it to 70, would allow an increase in the state pension to more than
£110 a week on current figures. Payment at such a level could
trigger accompanying changes. It would allow the end of
means-testing for the minimum income guarantee and the pension
credit. This would free resources for a greater increase in the
state pension, perhaps to a level approaching one-third of average
earnings. Still not a king’s ransom but adequate to live on and a
good platform for any individual savings.

Such a guarantee is likely to have to be within a wider package of
reforms. Here we return to long-term care. The case for free
personal care is overwhelming in principle. It is an example of a
devastating cost that falls on a few at random. It is too costly
for each of us to insure against individually but costs little when
it is done collectively.

Electorally, the case for free personal care may also become
overwhelming. Equally, an expectation of a longer working life
would have to be matched by effective action against ageism in
employment. But this will be necessary anyway because changing
demography alters the basis on which we organise our labour
markets. Professions ranging from accountancy through nursing to
teaching are all built on the assumption that you can recruit
entrants between the ages 18 to 21 and keep them for the rest of
their working lives.

Yet, within the next 10 years, our society will make a fundamental
demographic shift in that, for the first time, older people will
outnumber young people.

In 2000, there were nearly 1.3 million more children younger than
16 than people of state pensionable age. From 2007, the population
of state pensionable age is projected to be greater than the number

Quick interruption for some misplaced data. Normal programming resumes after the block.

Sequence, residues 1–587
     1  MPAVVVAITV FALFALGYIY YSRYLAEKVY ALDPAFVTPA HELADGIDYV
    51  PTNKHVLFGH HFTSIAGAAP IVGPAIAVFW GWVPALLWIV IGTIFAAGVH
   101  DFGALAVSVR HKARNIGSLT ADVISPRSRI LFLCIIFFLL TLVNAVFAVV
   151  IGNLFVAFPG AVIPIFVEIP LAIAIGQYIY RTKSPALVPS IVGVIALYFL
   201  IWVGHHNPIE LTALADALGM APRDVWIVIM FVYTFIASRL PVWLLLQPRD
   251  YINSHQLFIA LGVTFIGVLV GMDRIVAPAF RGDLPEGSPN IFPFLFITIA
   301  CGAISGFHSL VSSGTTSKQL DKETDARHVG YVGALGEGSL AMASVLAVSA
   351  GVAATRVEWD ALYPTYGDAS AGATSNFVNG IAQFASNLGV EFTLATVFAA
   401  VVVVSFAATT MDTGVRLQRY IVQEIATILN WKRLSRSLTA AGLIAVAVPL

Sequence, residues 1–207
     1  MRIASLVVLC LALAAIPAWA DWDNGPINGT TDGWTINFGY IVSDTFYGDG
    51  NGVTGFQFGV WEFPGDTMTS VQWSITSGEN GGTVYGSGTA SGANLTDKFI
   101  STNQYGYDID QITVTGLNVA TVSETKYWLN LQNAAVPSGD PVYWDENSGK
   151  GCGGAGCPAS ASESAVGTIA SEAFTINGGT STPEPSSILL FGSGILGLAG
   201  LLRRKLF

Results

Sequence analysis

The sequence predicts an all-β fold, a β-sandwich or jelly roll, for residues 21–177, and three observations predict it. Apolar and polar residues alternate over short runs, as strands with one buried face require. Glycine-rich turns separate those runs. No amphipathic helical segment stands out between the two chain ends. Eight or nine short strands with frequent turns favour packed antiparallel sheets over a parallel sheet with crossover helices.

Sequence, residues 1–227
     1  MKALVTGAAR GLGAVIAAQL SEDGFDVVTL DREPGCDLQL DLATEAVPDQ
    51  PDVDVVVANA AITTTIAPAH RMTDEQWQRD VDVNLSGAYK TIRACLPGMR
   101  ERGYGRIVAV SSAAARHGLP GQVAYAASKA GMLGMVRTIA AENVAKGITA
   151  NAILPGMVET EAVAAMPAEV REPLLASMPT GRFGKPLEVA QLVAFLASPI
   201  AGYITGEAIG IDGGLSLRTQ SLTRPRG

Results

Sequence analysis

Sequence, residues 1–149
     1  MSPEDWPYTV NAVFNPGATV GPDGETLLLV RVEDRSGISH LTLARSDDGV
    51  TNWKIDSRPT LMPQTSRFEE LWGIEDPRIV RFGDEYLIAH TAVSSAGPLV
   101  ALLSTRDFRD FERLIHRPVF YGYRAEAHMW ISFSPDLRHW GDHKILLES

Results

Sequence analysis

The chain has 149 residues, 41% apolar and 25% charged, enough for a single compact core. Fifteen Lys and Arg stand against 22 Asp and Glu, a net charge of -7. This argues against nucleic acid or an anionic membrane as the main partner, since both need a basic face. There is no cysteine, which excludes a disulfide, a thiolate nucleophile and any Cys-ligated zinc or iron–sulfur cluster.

of children, and by 2025 is projected to exceed it by nearly two

At the very least, the shrinking number of young people will lead
to increased competition for them and higher wages for the lucky
youngsters. At best it should lead to a an attempt to transform

Another impact of raising the state pension age to 65 for women
between 2010 and 2020 is that the total UK workforce increases in
size from 39 million in 2011 to 40.8 million by 2021.

It remains to be seen whether the shift in the balance of the
generations will lead to a new cleavage in politics. However, the
ageing population will accelerate demands for more personalised
services. A senior in one day centre was asked by a visitor whether
she enjoyed the activities provided. The answer was blunt: “No, but
you have to do them to get the lunch.” The combination of political
power with purchasing power will sweep away such provision.

John McTernan is a freelance writer and

The big debate

The report of the New Visions project – From Welfare to
Wellbeing: the Future of Social Care – will be published on 17
October and launched at National Social Services Conference in

Starting this week, Community Care is publishing a series of
five articles, based on the chapters of the report, to engage the
social care workforce in a debate about future services. The series
continues as follows:

  • 26 September. Gerald Wistow, director, Nuffield Institute, and
    Jane Tunstill, professor of social work, Royal Holloway, University
    of London: Future Aims and Objectives of Social Care. l 3 October.
    Liam Hughes, chief executive, East Leeds Primary Care Trust: The
    Future Workforce of Social Care.
  • 10 October. Anne Davies, independent policy analyst: Structures
    and Accountability for the Future of Social Care.
  • 17 October. Liz Kendall, associate director, Institute for
    Public Policy Research: Conclusions.